As the Pentagon appears to be moving forward on President Trump's ordered troop draw down from Syria, administration hawks as well as foreign allies like Israel have one final card to play to hinder a total withdrawal. They argue that some 200 US troops in Syria's southeast desert along the Iraqi border and its 55-kilometer “deconfliction zone” at al-Tanf are the last line of defense against Iranian expansion in Syria, and therefore must stay indefinitely.
Despite Trump's pledge for a "full" and complete American exit, the Tanf base could remain Washington's last remote outpost disrupting the strategic Baghdad-Damascus highway and potential key "link" in the Tehran-to-Beirut so-called Shia land bridge. Foreign Policy magazine identifies this as but the latest obstacle to an actual complete withdrawal of US forces:
"Al-Tanf is a critical element in the effort to prevent Iran from establishing a ground line of communications from Iran through Iraq through Syria to southern Lebanon in support of Lebanese Hezbollah," an unnamed senior US military source told the magazine.
Washington's initial justification for establishing the remote special operations outpost was to train local fighters to counter ISIS; however, not only has ISIS now been driven almost completely underground but Russia has accused US forces at al-Tanf of actually allowing ISIS terrorists to maintain a presence in the area in order to put pressure on Damascus.
With the Islamic State now in tatters and defeated, the "counter Iran" argument is being pushed hard in order to convince Trump to keep a small US island of occupation in the heart of a volatile desert region where Syria, Iraq and Jordan meet.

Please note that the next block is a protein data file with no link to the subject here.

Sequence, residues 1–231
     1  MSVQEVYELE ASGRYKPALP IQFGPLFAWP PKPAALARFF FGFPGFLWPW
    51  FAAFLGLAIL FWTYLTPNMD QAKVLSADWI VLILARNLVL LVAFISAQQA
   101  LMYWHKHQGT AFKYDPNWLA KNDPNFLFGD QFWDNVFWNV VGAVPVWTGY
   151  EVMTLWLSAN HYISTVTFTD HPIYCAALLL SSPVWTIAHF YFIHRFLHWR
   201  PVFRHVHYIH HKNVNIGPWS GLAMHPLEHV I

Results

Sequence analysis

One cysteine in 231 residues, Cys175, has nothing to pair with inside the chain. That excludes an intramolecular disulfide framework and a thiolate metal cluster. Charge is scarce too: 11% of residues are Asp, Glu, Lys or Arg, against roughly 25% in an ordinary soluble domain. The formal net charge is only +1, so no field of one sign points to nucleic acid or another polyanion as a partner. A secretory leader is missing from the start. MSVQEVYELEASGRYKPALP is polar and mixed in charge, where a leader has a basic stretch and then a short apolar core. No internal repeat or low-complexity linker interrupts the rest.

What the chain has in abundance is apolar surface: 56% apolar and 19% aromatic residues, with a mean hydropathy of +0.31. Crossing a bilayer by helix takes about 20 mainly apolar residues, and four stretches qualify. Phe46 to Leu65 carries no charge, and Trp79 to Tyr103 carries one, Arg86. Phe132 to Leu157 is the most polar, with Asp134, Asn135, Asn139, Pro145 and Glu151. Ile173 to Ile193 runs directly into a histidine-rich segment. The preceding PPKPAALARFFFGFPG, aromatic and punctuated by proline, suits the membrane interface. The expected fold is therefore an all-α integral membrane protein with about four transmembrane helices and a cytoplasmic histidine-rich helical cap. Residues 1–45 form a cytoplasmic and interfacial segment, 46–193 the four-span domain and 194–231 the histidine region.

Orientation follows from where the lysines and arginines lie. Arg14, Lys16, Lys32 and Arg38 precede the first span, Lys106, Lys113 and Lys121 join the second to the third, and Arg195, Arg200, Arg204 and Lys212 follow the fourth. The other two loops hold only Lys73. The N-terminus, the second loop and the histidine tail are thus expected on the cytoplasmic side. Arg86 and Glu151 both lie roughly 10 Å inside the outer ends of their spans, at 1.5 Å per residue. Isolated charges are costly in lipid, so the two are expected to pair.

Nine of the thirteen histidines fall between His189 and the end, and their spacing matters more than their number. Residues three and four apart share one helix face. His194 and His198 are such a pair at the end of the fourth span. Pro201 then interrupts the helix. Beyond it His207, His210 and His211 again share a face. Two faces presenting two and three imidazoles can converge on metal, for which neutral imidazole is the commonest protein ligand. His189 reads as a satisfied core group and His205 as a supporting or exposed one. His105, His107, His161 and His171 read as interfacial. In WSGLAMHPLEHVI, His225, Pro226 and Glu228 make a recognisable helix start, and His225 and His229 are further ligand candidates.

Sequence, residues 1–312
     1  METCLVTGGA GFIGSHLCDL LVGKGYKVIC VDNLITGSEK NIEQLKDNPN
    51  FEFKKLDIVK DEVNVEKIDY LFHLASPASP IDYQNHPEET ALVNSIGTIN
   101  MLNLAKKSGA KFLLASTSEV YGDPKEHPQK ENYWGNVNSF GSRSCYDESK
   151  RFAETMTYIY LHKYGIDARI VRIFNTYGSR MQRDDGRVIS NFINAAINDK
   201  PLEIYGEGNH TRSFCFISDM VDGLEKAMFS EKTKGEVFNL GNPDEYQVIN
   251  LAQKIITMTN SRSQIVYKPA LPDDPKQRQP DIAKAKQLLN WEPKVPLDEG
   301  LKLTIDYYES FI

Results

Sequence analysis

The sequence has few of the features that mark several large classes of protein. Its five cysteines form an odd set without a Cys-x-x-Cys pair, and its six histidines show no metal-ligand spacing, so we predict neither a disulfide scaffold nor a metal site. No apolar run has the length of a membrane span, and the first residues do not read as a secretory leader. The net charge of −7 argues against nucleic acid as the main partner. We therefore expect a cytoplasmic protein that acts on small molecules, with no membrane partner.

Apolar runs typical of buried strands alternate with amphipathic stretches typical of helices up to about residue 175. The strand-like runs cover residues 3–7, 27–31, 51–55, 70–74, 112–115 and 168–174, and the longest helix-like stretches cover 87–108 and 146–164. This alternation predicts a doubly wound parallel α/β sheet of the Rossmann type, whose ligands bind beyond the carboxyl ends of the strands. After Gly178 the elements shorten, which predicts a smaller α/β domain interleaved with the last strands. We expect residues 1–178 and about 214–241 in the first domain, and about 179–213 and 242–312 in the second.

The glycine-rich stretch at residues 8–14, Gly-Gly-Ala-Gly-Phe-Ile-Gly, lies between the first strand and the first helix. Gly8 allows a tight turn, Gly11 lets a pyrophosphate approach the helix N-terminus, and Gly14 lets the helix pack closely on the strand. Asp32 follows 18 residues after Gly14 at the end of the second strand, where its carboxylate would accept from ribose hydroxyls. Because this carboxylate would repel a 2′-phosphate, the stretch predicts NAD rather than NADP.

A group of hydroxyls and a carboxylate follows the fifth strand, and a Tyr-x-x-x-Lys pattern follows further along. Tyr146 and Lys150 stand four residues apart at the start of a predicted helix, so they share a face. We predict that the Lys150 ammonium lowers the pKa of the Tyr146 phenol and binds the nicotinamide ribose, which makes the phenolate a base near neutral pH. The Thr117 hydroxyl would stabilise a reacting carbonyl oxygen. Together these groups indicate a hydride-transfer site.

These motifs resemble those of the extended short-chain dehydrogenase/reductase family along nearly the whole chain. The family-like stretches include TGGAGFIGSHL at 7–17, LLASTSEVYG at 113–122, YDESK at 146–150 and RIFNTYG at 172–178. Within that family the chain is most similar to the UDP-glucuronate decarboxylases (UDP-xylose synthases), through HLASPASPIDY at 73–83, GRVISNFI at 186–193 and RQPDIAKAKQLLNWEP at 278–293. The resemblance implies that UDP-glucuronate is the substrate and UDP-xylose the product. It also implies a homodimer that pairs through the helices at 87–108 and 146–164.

Israeli Prime Minister Benjamin Netanyahu is among the foremost foreign allies pushing hard, and "has repeatedly urged the U.S. to keep troops at Al-Tanf, according to several senior Israeli officials, who also asked not to be identified discussing private talks," per Bloomberg. The Israelis have reportedly argued "the mere presence of American troops will act as a deterrent to Iran" even if in small numbers as a kind of symbolic threat.
And Bloomberg also confirms White House advisers are pushing an indefinite Tanf presence as an "obstacle" to the president's plan to leave:
The American base at Al-Tanf, originally established as a southern foothold against Islamic State and a training ground for Syrian rebels, has become one of the main obstacles to the president’s plan to leave. Israeli and some U.S. officials argue that a continued American presence there is critical to interrupting Iran’s supply lines into Lebanon, where Hezbollah — Iran’s proxy and Israel’s enemy — has been building up its arsenal.
Both Washington and Tel Aviv's past decade of Syria policy has been driven by fears of this so-called "Shia crescent" or Iranian land bridge which would conceivably connect Tehran with the Mediterranean via pro-Shia Baghdad and Damascus in a continuous arch of influence.
However the much hyped "land bridge" is somewhat nonsensical given Syrian allies Iran and Iraq can (and have) simply fly both personnel and weapons into Syria anytime they want.
The internal administration debate, following incredible push back against Trump's withdrawal decision, has made entirely visible the national security deep state's attempt to check the Commander-in-Chief's power. And now US presence at al-Tanf represents the last hope of salvaging the hawks' desire for permanent proxy war against Iran inside Syria.
And yet, with no greater operational support structure in place in eastern Syria after a broader US draw down (where some 2,000+ have for the past couple years been concentrated), the small American outpast at Tanf would be a sitting duck for any renewed terror insurgency, not to mention a potential target of both Syrian government and Russian forces, who've long vowed to liberate every inch of natural sovereign Syria.
Aaron Stein, director of the Middle East program at the Foreign Policy Research Institute in Philadelphia, told Bloomberg: “He ordered U.S. forces to leave Syria. There have been efforts to pare that back and to treat Tanf as separate from the northeast, but it’s unclear if the president will be convinced.”